Tech giant Apple conspired with publishers to raise electronic book prices, a US judge has ruled, saying the evidence left no doubt that the company broke anti competition laws.
US District Judge Denise Cote said Apple knew that no publisher could risk acting alone to try to eliminate Amazon's 9.99 dollars price for the most popular e-books so it "created a mechanism and environment that enabled them to act together in a matter of weeks to eliminate all retail price competition for their e-books."
She added: "The evidence is overwhelming that Apple knew of the unlawful aims of the conspiracy and joined the conspiracy with the specific intent to help it succeed." She said damages would be decided at a later hearing.
Apple said planned to appeal in the case which was brought by the US government. "Apple did not conspire to fix e-book pricing and we will continue to fight against these false accusations," said a spokesman. "We've done nothing wrong."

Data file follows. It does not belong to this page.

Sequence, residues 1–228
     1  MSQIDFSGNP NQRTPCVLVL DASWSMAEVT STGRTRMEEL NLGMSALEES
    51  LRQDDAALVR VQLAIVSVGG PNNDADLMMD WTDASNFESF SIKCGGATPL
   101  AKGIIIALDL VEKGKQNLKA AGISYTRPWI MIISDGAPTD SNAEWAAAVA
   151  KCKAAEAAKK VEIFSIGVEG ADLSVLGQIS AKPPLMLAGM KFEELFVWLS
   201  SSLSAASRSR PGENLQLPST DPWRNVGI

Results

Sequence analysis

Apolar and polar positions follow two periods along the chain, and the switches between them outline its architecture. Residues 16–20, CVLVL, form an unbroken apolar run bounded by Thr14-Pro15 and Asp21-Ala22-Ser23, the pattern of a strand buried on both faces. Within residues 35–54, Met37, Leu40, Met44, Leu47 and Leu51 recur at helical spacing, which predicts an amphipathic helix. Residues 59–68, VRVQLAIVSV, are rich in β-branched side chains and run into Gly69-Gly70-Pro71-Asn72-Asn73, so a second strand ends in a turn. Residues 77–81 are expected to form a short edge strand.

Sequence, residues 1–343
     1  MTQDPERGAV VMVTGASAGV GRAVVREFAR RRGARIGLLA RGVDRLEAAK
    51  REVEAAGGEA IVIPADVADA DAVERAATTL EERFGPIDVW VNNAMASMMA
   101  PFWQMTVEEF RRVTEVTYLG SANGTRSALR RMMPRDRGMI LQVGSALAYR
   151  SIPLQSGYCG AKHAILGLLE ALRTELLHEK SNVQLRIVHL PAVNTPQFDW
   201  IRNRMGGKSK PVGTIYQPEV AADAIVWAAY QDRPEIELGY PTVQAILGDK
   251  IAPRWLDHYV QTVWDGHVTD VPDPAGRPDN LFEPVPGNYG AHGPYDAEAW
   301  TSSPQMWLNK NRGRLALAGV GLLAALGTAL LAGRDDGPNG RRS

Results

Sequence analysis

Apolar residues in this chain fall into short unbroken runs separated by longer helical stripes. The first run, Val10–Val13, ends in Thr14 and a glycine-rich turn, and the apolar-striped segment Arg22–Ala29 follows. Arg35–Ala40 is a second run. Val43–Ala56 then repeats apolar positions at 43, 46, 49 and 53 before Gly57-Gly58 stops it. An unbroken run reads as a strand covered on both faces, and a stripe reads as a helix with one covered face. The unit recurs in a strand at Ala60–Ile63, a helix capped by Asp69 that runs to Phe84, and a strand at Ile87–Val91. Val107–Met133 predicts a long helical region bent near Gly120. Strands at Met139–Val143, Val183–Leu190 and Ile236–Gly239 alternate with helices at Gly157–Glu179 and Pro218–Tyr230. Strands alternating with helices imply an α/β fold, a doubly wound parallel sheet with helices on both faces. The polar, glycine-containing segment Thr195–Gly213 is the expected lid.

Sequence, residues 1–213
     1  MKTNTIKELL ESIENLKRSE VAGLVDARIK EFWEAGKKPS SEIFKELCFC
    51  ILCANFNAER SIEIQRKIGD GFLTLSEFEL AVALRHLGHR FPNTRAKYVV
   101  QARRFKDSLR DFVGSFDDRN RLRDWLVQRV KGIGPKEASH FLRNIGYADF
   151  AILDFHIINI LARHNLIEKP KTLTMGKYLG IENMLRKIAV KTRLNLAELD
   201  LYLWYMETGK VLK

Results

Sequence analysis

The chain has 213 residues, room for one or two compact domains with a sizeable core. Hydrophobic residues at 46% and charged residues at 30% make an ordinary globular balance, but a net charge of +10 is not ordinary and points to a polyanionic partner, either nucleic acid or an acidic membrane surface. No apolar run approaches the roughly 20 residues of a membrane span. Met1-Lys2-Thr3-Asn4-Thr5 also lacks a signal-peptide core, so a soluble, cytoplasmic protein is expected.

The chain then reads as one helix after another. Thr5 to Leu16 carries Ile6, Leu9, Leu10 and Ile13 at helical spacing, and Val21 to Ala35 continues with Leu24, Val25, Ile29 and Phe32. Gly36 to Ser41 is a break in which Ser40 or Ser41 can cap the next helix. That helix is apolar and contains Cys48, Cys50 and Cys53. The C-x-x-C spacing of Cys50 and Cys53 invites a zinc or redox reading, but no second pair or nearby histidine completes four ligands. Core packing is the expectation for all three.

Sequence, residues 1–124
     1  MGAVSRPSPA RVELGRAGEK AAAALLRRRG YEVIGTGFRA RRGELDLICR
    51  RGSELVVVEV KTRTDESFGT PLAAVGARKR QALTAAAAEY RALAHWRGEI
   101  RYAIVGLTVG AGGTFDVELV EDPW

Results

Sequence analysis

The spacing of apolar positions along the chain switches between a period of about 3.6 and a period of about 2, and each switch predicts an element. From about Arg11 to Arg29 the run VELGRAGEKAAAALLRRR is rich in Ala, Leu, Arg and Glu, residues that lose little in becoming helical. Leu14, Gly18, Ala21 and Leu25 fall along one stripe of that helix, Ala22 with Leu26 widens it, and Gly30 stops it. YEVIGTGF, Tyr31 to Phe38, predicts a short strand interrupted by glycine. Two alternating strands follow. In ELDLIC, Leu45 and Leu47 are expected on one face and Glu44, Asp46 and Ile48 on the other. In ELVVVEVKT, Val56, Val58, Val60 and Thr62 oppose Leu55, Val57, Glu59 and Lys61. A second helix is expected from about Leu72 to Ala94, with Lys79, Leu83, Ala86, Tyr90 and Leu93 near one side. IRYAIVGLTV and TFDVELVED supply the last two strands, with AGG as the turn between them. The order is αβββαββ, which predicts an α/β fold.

Assistant Attorney General Bill Baer called the ruling "a victory for millions of consumers who choose to read books electronically."
He said the judge agreed with the Justice Department that executives at the highest levels of Apple orchestrated a conspiracy with five major publishers to raise prices.
"Through today's court decision and previous settlements with five major publishers, consumers are again benefiting from retail price competition and paying less for their e-books," he said.
Apple lawyer Orin Snyder had told the judge that she would set a "dangerous precedent" if she concluded that it manipulated e-book prices as it entered the market in 2010.